Figure 13(c) shows the eight algorithms in the early stage of search. It can be seen that CPSO, A-MsPSO, and AS-SOMA based on logistic chaotic mapping initialization have faster convergence in the early stage of search. In the initialization stage, the whole population is evenly distributed in the entire search space, which ensures the exploration ability and diversity of the population in the early stage.

Figure 13(d) shows the situation of eight algorithms in the late search period. It can be seen that AS-SOMA has a fast convergence ability in the later stage of the search. The reason is that the improved scheme based on adaptive step size can solve the problem of poor convergence effectively, which is caused by the fixed step size. Additionally, the dynamical adjusting step size balances the development and the utilization of the algorithm.

In the early stage of the search, PSO is slightly ahead of SOMA, and SOMA gradually accelerates convergence ahead of PSO in the late stage of the search. The reason is that the movement of each particle in the PSO is guided by the optimal individual of the population. This guidance pushes the particles closer to in every dimension by subtracting the vector. Similarly, the movement of each particle is influenced by the leader of the population in SOMA. However, not all dimensions of particles migrate in all directions, and interferes in the process of migration. Therefore, in the process of LSTM structure optimization, the full-dimensional migration of searching the early PSO can make the population approach better network parameters quickly. However, the multidimensional motion tends to make the population skip the optimal parameter when the population concentrates near the optimal solution in the late searching period. SOMA can immobilize certain dimensions and migrate others. It will approach the optimal solution gradually by controlling the direction.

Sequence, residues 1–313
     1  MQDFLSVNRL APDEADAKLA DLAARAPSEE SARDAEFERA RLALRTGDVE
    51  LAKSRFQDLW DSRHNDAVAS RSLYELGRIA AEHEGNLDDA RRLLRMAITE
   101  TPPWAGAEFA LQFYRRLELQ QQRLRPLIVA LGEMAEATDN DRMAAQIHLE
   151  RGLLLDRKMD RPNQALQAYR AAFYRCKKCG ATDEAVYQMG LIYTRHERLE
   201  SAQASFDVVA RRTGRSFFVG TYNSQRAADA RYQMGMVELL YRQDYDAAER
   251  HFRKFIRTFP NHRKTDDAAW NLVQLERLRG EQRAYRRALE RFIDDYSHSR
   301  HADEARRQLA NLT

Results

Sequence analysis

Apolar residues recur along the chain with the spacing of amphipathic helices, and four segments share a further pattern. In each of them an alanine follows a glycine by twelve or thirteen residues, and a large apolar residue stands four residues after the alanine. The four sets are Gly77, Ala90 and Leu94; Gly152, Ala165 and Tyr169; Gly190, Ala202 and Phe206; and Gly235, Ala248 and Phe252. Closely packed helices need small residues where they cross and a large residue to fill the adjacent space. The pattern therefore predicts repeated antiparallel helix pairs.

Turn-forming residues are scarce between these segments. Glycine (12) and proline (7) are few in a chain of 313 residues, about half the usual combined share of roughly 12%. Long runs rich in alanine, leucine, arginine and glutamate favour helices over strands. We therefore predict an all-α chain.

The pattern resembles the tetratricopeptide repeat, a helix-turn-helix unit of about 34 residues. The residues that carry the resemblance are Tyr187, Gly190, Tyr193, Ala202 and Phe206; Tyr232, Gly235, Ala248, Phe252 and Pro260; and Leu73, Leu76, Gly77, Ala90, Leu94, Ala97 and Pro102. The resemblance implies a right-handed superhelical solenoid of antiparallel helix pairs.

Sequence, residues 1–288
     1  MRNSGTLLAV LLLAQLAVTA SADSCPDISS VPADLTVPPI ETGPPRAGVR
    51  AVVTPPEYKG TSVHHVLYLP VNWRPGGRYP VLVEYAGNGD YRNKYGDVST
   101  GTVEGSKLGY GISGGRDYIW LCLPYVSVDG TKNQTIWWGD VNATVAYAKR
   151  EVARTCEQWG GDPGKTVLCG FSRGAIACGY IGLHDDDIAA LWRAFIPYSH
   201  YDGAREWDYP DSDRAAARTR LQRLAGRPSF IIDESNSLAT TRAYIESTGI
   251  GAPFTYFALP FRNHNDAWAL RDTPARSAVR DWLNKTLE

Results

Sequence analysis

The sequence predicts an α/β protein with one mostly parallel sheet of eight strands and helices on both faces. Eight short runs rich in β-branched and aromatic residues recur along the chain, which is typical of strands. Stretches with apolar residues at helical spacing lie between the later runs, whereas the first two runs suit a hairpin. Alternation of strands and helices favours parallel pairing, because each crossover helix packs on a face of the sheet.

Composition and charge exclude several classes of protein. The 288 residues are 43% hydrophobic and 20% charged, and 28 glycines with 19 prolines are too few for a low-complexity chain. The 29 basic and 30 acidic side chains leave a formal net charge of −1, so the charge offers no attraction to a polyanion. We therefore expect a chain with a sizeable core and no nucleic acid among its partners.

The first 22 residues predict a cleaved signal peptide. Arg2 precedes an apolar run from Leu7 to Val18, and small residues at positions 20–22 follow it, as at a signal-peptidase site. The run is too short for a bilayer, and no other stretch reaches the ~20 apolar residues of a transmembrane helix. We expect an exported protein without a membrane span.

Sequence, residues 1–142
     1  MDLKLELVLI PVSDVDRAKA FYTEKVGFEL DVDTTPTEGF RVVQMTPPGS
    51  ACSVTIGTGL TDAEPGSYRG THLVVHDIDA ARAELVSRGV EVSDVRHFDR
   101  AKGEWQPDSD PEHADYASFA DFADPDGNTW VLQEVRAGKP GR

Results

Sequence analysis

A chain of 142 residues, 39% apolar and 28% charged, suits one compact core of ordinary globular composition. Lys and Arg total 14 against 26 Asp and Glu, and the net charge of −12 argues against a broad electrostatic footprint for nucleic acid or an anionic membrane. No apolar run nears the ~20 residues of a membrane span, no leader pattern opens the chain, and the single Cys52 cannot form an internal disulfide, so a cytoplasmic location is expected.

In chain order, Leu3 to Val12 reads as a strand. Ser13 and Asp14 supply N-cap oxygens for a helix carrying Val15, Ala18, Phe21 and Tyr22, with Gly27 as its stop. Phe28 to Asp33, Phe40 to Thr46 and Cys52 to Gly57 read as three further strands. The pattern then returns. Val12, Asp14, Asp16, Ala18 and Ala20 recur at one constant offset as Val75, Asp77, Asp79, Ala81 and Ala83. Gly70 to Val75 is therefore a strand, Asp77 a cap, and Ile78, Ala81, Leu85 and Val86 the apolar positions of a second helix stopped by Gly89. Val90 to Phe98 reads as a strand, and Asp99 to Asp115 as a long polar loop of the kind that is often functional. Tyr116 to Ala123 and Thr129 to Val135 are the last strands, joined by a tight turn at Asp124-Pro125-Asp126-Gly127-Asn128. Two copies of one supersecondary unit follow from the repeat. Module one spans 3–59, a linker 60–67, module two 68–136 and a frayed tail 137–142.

The convergence process of AS-SOMA is verified in the LSTM hyperparameter variation in Figure 14. In the early stage of the search, the LSTM prediction model presents certain fluctuations in the time step, epochs, and batch size. The hyperparameters quickly stabilize after the 100th optimization and gradually tend to the optimal. Figure 14(b) shows that the learning rate presents a certain steady state in the process of AS-SOMA convergence.

Figure 15 shows the correlation degree among time step, learning rate, epochs, and batch size, whose absolute values are 0.37, 0.026, 0.066, and 0.029, respectively. It has the highest correlation between time step and batch size, with a value of 0.37. Therefore, it is necessary to analyse the hyperparameter constraint conditions in the process of combinatorial optimization in order to better train the network.

This paper constructs the AS-SOMA-LSTM optimization model to solve the STLF problem. The original SOMA is improved by a logistic chaotic and adaptive step size method, and its solution accuracy and convergence speed are verified. The LSTM optimization model based on AS-SOMA is proposed and applied to the practical problem of STLF. First, the optimal number of hidden layers is determined by the exhaustive method. Then, the remaining five hyperparameters are optimized by using the AS-SOMA, including the number of neurons, time step, learning rate, epochs, and batch size. Simulation experiments show that the AS-SOMA-LSTM model has significant advantages over other methods.

Data Availability

The dataset used to support the findings of this study can be accessed upon request.

Not applicable.

Conflicts of Interest

The authors declare that they have no conflicts of interest.

Authors’ Contributions

Chang Wang, Zijian Cao, and Xiaofeng Rong conceptualized the study; Xiaofeng Rong and Zijian Cao developed methodology; Chang Wang and Hanghang Zhou investigated the study; Hanghang Zhou, Chang Wang, and Linjuan Fan wrote the original draft of the manuscript; Xiaofeng Rong and Zijian Cao reviewed and edited the article and work to polish the whole study; the authors acquired fund. All authors have read and agreed to the published version of the manuscript.


This research was partially funded by the Shaanxi Natural Science Basic Research Project (2020JM-565) and the Science and Technology Plan Project Industry-University-Research Collaborative Innovation Plan of Weiyang District, Xi’an City, Shaanxi Province (K20200167).